- Albert Einstein is credited with coming up with the observation that “The significant problems we face cannot be solved at the same level of thinking we were at when we created them.”
- I would add that the people (leaders) that create significant problems, cannot be relied upon to solve such problems.
South Africa extends such sentiments to a new level by finding itself with a de facto government in the form of the Ministry in the Presidency pitted against the regular government against the background of an outdated Integrated Resource Plan (IRP) plus a proper and legally compliant Integrated Energy Plan (IRP).
The energy crisis in the country has been largely caused by poor planning, mismanagement, corruption, fraud, looting and sabotage by the ANC led government. The IPP Office, under the leadership of the Minister of Mineral Resources and Energy, Gwede Mantashe since 2019, has only added 150MW of new generation capacity to the grid. They stand accused of deepening the country’s energy crisis. Read more
The poor leadership has resulted in a major energy crisis where this year South Africans had to brace themselves for up to 16 hours of daily blackouts this year.
In weekly press press briefing yesterday, Minister in the Presidency responsible for Electricity, Kgosientsho Ramokgopa, has urged the public to engage with the long awaited Integrated Resource Plan (IRP) 2023, which has been approved by Cabinet. IRP 2023 is now set to be gazetted for public comment by the Minister of Mineral Resources and Energy this week after cabinet approval last Friday.
The Minister urged communities, stakeholders and interest groups to engage with the IRP 2023 and send their submissions, as part of determining the country’s “energy future. This will underpin our responses in relation to how we are going to address the energy situation in the country. What is significant about this is that… the IRP 2023 computes two horizons [including up to 2030]. In the context of the energy crisis, the interventions [in this IRP]will help us in the short-term to ensure that we ameliorate the degree of the energy deficit that we are experiencing now. The IRP also computes horizon number two, which is from 2030 to 2050, and in the most bold fashion, it states what are these new sources of energy and essentially, it [deals with]our ability to be able to exploit our renewable energy endowment, and their linkages to the availability of transmission,” Ramokgopa said at the Energy Action Plan briefing on Sunday.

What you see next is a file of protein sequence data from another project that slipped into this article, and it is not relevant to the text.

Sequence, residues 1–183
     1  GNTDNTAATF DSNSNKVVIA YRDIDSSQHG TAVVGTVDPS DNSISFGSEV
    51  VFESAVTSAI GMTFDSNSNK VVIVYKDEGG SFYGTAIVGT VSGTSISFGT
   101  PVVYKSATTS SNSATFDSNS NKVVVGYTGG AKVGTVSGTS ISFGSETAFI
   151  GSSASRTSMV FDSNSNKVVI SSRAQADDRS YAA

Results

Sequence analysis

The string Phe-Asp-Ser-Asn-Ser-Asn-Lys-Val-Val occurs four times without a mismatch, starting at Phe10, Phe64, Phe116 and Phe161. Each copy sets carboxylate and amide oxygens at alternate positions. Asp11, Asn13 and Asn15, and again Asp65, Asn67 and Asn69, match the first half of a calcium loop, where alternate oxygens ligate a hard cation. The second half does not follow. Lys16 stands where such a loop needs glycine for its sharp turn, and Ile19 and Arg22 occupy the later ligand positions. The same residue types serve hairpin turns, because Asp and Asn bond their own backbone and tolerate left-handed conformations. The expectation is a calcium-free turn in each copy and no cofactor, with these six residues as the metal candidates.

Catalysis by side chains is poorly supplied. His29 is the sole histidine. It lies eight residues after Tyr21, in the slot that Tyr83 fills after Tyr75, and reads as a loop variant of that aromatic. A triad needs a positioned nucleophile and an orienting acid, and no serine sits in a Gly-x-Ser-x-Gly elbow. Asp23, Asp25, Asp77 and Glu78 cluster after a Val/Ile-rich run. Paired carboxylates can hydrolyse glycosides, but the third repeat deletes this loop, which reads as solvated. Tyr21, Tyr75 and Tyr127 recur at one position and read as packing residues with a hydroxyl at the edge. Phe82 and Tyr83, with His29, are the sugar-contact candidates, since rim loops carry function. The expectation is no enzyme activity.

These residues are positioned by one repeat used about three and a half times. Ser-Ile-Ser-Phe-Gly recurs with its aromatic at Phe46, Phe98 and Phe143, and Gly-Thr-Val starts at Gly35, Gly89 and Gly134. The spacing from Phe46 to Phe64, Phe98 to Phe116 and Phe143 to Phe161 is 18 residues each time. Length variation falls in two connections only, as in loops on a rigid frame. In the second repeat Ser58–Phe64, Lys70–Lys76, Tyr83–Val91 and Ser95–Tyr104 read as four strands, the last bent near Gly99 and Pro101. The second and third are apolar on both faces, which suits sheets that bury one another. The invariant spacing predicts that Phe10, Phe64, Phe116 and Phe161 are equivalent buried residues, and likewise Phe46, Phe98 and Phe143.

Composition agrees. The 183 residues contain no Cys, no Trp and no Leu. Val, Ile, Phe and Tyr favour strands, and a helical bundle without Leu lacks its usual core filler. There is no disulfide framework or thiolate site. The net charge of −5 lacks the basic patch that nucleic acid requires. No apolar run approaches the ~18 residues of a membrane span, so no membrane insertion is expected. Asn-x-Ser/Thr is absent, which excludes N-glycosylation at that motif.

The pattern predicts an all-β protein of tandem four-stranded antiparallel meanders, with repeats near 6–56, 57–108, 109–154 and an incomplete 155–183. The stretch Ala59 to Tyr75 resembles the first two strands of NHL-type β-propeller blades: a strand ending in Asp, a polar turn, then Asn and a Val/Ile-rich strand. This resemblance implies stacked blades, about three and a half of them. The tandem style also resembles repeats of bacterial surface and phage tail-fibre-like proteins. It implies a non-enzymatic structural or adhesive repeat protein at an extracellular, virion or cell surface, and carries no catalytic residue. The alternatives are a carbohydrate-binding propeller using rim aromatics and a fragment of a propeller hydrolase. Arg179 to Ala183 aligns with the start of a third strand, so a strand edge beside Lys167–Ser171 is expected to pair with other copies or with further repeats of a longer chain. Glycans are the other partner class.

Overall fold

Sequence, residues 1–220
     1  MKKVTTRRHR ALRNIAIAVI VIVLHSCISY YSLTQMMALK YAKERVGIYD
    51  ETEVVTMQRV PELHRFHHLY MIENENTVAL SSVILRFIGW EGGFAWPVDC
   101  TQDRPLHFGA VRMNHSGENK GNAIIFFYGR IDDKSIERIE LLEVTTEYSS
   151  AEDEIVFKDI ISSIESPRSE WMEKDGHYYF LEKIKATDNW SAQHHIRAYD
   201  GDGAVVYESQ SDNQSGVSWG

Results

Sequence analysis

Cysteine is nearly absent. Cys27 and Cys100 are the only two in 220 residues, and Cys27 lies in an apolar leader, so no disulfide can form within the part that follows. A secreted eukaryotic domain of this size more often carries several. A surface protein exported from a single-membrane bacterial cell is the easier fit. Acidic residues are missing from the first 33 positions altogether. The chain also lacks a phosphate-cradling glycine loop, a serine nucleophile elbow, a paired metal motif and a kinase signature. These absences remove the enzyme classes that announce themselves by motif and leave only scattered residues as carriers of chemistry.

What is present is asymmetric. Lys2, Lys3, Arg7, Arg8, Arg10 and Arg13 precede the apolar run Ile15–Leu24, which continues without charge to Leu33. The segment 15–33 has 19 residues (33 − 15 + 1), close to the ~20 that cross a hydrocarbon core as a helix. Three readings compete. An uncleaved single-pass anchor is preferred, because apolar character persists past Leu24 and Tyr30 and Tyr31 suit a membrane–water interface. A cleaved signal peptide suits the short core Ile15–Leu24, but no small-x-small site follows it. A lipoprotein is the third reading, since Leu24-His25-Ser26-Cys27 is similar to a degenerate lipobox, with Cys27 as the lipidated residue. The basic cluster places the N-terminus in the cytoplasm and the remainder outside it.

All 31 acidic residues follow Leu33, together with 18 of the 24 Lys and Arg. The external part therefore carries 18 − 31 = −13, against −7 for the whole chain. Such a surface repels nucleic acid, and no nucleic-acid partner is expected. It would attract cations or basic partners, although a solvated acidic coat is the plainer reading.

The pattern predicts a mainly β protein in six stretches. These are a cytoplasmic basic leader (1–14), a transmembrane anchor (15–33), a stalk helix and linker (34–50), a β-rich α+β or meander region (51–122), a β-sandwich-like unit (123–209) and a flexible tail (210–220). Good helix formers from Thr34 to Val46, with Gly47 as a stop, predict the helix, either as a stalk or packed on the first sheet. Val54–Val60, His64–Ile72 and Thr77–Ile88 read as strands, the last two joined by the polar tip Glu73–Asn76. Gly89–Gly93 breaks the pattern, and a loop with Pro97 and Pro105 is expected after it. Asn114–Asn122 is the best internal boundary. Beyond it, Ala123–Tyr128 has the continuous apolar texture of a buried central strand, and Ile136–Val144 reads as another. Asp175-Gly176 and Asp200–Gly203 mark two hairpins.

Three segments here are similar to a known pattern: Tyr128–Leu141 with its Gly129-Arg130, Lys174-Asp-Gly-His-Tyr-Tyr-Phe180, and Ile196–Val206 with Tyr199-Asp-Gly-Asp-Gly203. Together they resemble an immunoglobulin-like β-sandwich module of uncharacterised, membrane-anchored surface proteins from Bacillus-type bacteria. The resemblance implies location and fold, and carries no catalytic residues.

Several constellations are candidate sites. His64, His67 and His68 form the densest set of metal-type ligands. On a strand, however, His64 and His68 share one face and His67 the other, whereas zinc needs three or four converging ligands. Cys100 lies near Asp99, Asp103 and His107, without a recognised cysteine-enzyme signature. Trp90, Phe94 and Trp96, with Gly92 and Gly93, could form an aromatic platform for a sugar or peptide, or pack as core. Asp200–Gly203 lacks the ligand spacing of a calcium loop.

Performance of power plants
The Minister announced that 980 megawatts (MW) at Koeberg Unit 2 will be taken out on Monday. Unit 1 one came back last month after significant delays. Koeberg is the only nuclear power station on the continent, with each of the two units producing 980 megawatts, according to the Minister.
“It’s very significant to the energy mix, and as part of our intention to extend its life by 20 years, we took out Unit 1 to comply with the requirements of the regulator (NERSA)… Now we are taking out Unit 2 for the same purpose,” he said, noting that Unit 1 is almost at full load.
With regards to the performance of the grid over the past week, Ramokgopa said the unplanned capacity loss factor (UCLF) and partial load losses (the rate at which units are failing and not performing at optimal capacity) combined has been averaging just above 14 000MW.
“To put it into context, we have reached highs of 17 000MW of these losses. If we were to use May as our baseline, we were losing about 17 369MW. Essentially, we are better off by about 3 000MW, and that’s what we’ve been averaging.
“In fact, it looks even healthier if you were to take Saturday and today, where we’re at about 12 000MW. We have been able to introduce an improvement of about 5 000MW – 6 000MW… if you were to use the baseline of May,” the Minister said.
Respected energy analyst, Chris Yelland, CEO and founder of EE Business Intelligence, reports that Eskom week-on-week energy availability factor (EAF) for week 48, 2023. With only 4 weeks to go for the year, the Eskom EAF for the calendar year-to-date stands at 54.79% compared to 58.75 for the same period in 2022. The reality is that the ongoing blackouts will stay throughout 2024.
Eskom System Operator outlook for loadshedding in South Africa for the next year. Image credit: Chris Yelland – X
The Minister said the status quo shows the “true health” of the system, without “necessarily the assistance of the open cycle gas turbines”. While these are engaged at certain peaks, Ramokgopa said they are not being used at the rates at which they have previously been.
This is a false positive narrative because Eskom is burning diesel at an alarming rate and is about to use up its budget for diesel for the current financial year. Read more
Eskom is forced to procure diesel at a premium from state owned petroleum enterprise, PetroSA. Read more
Author: Bryan Groenendaa
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